Tuesday, July 14, 2009
The Dreaming Chair
When Limerick and I were expecting our first child, he gave me a wooden rocking chair for Christmas. I sat in that chair before she arrived, dreaming of who she would be and who I would be as a mother. Once she was born, I spent hours in that chair, rocking my girl ,singing every song that I knew, and making up new ones. As she grew, she would climb up on my lap and nestle her hair, with its bright copper lengths of hair, against me, and ask for songs and stories… past times she still pursues with enthusiasm.
Three years passed and a new baby came along. There were more hours in the rocker, more dreams to dream, and sometimes two sweet girls tucked into my arms, one with penny-bright locks and the other with fetching dark curls. The stories grew longer and more complex as the little girls revealed their interests and vibrant personalities. In later years, I sat in that chair alone and read aloud to my daughters, while they built with legos or did somersaults and cartwheels across the living room (furniture carefully arranged to allow room to tumble.) We began homeschooling and the rocker symbolized the focus of our life at that time: family, home, nurture, and lots and lots of stories and songs. We learned to try to maintain that focus in our family, even after our homeschooling years came to a close.
Six years after our second daughter arrived, our first son was born. My daughters had always had some wiggles and wails to get out of their systems in the twilight hours, but this new tiny boy was easy going and relaxed. He loved to be rocked too, always with that gentle, lazy smile on his chubby face. New songs, with rocket ships and funny frogs, were composed to suit his fancy.
Another three years, another baby born. This one was another son, a dark haired imp, full of energy and verve right from day one. Six and a half years later, I wonder how I got him to hold still on my lap as we rocked! Nevertheless, we did sit together in that chair, celebrating the mother and child bond with songs. His songs had to be especially soothing to transition him from the activity of day to the quiet tranquility of night. He woke in the night-time hours more often than any of our other children and I walked with him or rocked with him again, singing softly while moonlight streamed through our windows and the rest of the family slept.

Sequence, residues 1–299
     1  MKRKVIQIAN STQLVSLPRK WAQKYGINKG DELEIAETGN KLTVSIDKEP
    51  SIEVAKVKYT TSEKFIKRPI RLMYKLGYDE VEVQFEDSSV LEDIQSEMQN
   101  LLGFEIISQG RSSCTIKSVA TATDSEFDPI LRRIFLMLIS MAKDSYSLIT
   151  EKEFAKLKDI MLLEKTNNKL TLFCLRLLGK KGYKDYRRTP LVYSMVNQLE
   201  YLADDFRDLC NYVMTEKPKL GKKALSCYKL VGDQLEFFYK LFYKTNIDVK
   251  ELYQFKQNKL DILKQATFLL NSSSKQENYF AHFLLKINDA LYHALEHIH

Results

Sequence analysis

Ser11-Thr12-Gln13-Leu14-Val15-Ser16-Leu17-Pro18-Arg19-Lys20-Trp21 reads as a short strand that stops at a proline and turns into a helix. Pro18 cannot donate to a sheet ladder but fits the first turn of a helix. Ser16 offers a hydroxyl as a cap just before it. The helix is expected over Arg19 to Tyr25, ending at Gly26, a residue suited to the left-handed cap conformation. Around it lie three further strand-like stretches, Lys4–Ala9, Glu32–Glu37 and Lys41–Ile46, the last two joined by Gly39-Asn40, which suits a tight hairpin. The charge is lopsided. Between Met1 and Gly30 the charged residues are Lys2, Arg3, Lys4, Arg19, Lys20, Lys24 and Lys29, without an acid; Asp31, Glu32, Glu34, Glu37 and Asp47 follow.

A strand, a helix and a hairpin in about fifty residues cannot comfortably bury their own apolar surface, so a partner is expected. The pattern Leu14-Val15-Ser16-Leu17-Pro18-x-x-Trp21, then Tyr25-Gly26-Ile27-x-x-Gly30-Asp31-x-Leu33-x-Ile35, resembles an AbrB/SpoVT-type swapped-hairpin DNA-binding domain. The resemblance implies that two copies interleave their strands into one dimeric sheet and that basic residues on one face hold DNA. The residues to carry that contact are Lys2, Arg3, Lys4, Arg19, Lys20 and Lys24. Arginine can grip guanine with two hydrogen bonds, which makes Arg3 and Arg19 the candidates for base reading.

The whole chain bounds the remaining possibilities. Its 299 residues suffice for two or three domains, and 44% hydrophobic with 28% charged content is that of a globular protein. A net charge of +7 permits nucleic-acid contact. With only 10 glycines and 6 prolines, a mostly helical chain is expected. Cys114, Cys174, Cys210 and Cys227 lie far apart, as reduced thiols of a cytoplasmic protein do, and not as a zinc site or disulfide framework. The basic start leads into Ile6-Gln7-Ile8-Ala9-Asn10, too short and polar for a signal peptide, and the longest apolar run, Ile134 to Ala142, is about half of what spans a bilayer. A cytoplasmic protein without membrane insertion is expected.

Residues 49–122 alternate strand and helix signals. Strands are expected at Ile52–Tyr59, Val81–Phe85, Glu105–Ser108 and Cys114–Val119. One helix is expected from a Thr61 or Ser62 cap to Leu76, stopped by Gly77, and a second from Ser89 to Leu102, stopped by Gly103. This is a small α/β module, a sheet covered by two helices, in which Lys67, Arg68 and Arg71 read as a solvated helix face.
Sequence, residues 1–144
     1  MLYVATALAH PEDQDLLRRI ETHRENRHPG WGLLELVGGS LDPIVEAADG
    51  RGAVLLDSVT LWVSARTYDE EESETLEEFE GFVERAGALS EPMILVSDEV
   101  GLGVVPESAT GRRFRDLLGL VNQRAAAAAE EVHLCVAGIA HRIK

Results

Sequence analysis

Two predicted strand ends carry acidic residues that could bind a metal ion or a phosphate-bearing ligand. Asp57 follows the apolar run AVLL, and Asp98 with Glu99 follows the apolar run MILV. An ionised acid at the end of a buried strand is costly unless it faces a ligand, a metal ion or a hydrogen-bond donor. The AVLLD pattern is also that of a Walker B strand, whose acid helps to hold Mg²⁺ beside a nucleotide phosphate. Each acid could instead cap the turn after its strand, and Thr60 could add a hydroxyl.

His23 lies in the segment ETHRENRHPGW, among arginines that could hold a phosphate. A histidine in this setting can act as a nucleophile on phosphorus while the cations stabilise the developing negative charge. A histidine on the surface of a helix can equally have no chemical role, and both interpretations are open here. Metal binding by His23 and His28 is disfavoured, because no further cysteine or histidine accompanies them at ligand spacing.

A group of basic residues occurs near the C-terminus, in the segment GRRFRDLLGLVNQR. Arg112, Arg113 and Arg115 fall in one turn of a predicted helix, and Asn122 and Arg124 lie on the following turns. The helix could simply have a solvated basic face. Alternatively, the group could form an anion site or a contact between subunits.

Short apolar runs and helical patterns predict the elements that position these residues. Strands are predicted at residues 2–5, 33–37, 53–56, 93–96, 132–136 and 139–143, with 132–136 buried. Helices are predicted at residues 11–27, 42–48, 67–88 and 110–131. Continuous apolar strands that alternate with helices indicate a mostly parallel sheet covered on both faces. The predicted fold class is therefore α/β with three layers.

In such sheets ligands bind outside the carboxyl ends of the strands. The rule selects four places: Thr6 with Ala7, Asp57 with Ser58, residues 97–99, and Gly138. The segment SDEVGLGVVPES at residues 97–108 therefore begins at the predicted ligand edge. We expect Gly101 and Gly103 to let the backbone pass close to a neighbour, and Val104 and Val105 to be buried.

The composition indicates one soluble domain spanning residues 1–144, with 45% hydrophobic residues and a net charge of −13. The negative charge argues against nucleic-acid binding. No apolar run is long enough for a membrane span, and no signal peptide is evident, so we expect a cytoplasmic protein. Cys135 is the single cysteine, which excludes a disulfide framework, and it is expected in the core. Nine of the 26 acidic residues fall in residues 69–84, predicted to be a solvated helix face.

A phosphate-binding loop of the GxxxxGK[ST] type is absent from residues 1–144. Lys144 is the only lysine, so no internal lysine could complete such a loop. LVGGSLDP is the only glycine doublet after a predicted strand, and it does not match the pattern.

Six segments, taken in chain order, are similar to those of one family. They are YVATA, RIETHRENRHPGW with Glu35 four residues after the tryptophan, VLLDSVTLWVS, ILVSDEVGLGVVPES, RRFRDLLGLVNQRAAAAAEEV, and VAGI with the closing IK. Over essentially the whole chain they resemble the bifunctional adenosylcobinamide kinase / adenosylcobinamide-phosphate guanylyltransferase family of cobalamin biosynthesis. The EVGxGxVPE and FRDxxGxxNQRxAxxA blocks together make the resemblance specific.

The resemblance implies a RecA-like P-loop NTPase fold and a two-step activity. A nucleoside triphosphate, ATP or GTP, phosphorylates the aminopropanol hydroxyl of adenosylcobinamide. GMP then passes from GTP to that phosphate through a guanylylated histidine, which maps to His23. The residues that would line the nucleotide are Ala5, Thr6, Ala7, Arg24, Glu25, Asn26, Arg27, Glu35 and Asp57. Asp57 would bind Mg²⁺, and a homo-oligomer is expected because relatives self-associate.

Sometimes, when the children were outside or away from home, I would sit in that chair alone, rocking and remembering. I remember receiving the chair as a gift of love… How little we knew in those moments, and how full of hopes and dreams we were, my husband and I. I remember each child’s baby face with perfect clarity; the expressions of wonder and interest and that drowsy little flutter of lashes as sleep prevailed.
I have sat there dreaming my own dreams too… looking out my windows at weather painting my landscape, seasons passing, years rolling by. It may look like an old wooden rocking chair to someone else now that one runner is sadly damaged and in need of a costly repair, but to me it is a sacred place… irreplaceable and comforting… my dreaming chair.
photo: recycled from an earlier blog post, by Aisling, 2007